Railway transport was feverish, trains were running very late.

Railway transport was feverish, trains were running very late.

Railway transport was feverish, trains were running very late.

But this did not involve a radical reform of the command-and-control system, and was aimed only at its next modernization. Attempts to simultaneously strengthen self-financing and targeted policy planning, intensification of economic incentives while restricting the rights of enterprises could not provide the economy with serious positive results.

Gradually, a whole system of blocking the economic levers of regulation of economic proportions grew, resulting in the formation of a mechanism of socio-economic inhibition. The average annual volume of manufactured products in the country (in physical terms) for 1979 – 1982 was 40% lower than in 1978. Additional revenues from energy and raw materials for export did not allow to overcome the general imbalance in the country’s economy. Acute shortages, inability to meet the needs of the population in the most necessary goods, lack of incentives to work – all this led to social and physical degradation of society.

In November 1982, after LI Brezhnev’s death, Yu. V. Andropov became General Secretary of the CPSU Central Committee. His activities were aimed at mass replacement of ministers, secretaries of regional committees and the Central Committee of the Union Republics, and comprehensive strengthening of discipline. It seemed that by replacing some bureaucrats with others, order could be established. Violators of labor discipline were subjected to various forms of punishment: reduction of wages, deprivation of bonuses, removal from the queue for the distribution of housing.

Measures aimed at bringing order and discipline have had some economic effect. According to official data, the growth rate of the economy in 1983 was 4.2% (compared to 3.1% in 1992), national income increased by 3.1%, industrial production by 4%, agricultural production by 6%. Team methods of economic management have helped to achieve only temporary success, but have not contributed to sustainable economic development.

Negative processes continued to grow in the economy. Industrial enterprises worked in conditions of constant irregular supply of raw materials and supplies. Especially great irregularity during the year was felt in construction. Railway transport was feverish, trains were running very late.

As already noted, the agricultural sector of the Soviet Union has traditionally provided funds for the more or less stable functioning of other sectors of the directive economy. But in the 1970s, this source was exhausted because the situation in agriculture was difficult. Large allocations to agriculture did not help either, a significant part of which, by the way, due to artificially inflated prices for agricultural machinery and the construction of production facilities in the countryside, immediately returned to the treasury. The rest of the allocations went literally to the sand: to the construction of grand and inefficient livestock complexes, to ill-considered land reclamation and chemicalization of soils.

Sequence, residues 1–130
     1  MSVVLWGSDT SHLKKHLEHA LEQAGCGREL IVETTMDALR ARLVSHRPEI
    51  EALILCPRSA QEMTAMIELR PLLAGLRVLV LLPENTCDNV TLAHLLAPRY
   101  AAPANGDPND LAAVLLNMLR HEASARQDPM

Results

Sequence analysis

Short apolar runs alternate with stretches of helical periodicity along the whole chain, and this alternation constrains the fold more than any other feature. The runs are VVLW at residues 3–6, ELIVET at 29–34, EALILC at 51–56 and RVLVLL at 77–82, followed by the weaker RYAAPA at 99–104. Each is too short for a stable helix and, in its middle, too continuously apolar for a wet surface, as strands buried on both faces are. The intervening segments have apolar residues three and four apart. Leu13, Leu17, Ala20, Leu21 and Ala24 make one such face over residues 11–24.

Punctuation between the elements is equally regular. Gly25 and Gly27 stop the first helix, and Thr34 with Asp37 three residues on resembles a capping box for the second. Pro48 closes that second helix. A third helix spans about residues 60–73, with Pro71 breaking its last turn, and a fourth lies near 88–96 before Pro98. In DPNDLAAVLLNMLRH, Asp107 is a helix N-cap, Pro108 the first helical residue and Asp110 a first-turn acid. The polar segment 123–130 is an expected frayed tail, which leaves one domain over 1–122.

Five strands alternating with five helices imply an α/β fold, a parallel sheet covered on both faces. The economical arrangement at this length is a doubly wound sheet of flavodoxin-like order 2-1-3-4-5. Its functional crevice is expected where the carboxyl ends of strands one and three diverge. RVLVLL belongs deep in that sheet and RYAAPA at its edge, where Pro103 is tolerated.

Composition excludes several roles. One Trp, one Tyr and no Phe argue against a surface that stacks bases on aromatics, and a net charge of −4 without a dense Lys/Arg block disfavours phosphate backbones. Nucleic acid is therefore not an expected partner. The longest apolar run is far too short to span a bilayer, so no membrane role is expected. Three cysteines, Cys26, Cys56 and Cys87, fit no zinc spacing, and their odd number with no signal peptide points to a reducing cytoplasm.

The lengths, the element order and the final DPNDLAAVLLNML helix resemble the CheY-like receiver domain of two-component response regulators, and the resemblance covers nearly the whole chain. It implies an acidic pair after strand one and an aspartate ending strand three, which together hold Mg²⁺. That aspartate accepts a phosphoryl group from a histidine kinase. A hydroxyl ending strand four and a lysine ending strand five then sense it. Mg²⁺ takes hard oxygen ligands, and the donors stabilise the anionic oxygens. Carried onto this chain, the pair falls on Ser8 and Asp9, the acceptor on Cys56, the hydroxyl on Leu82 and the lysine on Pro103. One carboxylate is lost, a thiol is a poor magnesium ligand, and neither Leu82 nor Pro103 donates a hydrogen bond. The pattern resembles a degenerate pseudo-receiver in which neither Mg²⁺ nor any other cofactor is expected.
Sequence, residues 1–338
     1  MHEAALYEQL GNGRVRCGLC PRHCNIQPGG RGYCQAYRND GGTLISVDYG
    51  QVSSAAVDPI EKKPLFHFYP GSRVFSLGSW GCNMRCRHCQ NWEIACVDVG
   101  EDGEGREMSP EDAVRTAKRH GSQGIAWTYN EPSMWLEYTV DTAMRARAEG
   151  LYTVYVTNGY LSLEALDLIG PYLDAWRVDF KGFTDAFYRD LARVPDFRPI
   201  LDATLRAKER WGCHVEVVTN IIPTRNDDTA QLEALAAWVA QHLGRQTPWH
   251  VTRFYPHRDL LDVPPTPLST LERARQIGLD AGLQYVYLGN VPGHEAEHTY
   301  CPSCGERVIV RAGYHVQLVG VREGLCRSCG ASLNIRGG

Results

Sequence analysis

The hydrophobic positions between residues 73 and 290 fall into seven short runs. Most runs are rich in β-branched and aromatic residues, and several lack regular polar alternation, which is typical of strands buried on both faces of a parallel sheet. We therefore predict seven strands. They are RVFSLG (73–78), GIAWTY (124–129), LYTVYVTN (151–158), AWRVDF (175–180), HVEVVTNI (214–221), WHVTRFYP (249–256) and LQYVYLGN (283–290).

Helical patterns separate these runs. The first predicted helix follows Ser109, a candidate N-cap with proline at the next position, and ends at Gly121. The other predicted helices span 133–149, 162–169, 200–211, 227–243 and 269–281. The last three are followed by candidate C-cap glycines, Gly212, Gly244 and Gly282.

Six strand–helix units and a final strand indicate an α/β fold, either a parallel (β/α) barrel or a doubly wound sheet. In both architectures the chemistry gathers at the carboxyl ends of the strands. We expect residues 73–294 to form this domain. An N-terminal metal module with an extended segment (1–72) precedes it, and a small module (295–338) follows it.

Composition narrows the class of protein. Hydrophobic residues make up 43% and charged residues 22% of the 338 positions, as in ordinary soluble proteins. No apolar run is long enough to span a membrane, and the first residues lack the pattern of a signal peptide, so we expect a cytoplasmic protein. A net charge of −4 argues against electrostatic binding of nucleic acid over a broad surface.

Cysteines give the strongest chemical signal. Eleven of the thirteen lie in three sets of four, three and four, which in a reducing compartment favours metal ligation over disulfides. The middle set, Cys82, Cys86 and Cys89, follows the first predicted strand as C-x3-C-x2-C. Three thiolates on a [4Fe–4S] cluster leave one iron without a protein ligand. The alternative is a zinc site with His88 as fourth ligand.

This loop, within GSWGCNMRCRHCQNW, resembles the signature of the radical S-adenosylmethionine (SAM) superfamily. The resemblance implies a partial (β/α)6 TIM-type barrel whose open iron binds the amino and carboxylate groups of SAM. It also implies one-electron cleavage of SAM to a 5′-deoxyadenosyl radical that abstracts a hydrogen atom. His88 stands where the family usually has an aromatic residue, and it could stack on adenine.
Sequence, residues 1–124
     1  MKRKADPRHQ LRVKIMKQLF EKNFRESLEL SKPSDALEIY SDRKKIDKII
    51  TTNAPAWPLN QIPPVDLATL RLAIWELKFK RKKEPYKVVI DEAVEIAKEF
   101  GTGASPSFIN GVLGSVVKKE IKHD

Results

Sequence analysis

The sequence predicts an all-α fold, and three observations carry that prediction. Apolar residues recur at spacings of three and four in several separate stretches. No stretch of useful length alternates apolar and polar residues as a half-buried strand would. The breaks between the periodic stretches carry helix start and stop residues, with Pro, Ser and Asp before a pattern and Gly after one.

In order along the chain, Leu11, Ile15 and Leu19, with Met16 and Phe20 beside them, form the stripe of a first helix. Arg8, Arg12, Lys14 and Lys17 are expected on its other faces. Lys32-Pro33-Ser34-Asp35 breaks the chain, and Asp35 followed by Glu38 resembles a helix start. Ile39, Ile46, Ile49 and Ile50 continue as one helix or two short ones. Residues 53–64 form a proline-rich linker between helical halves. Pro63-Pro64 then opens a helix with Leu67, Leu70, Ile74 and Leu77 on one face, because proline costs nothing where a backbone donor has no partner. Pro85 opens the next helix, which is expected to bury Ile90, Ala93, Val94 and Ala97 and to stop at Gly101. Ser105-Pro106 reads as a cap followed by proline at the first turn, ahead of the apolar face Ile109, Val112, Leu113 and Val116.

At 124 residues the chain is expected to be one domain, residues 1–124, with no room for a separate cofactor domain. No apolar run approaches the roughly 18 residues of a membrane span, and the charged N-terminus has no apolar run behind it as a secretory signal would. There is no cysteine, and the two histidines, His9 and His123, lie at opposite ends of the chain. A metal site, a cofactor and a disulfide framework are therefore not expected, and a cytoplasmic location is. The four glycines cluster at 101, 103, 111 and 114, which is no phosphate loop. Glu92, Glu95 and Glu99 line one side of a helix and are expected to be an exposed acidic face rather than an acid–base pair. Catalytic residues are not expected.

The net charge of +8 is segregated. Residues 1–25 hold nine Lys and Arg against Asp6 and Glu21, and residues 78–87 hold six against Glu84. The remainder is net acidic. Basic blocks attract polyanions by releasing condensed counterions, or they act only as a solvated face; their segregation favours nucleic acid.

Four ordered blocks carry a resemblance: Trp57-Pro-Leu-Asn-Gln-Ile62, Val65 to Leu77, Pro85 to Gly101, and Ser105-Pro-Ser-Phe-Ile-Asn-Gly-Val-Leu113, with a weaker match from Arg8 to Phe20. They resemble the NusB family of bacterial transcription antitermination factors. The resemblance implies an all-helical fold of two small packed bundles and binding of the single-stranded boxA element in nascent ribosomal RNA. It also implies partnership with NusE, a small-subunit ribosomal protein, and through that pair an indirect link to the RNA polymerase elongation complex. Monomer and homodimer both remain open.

As before, a large role in providing the population with food was played by subsidiary farms, which occupied 1% of arable land. According to official data, in 1978, 61% of potatoes, 29% of vegetables, 29% of meat and milk, and 34% of eggs were grown on subsidiary farms.

In 1982, on the initiative of the Secretary of the Central Committee of the CPSU for Agriculture, Mikhail Gorbachev, another ambitious and unrealistic “Food Program” was adopted, the implementation of which was proclaimed a national affair.

The country, having the world’s largest chernozems, has become a major global importer of grain. Grain was bought in the United States, Canada, Australia, Argentina and other countries. Surprising fact: a ton of grain purchased in the United States was twice as cheap as that produced in the Soviet Union.

The inability of agriculture to feed its country’s population pointed not only to the internal shortcomings of the Soviet system, but also to general socio-economic backwardness. Thus, in the 1920s, US agriculture employed 2.53% of the working population, and in the USSR – 25%. In 1970, one Soviet agricultural worker produced 4.5 tons of grain, 320 kg of meat and 2.8 tons of milk per year, while one American worker produced 54.7 tons of grain, 457 kg of meat, 11, 8 tons of milk per year.

KV Chernenko, elected General Secretary of the Central Committee of the CPSU in February 1984, also began his work by trying to solve agricultural problems. In October 1984, a grand reclamation program was proposed: irrigation and drainage of millions of hectares of land, construction of canals, transfer of part of the source of northern and Siberian rivers, and the Danube to irrigate land in the central and southern regions of the country. This did not take into account not only the huge material costs for the implementation of these projects, but also the environmental consequences, especially the reduction of the amount of water flowing into the Arctic Ocean, and consequently the consequences that followed.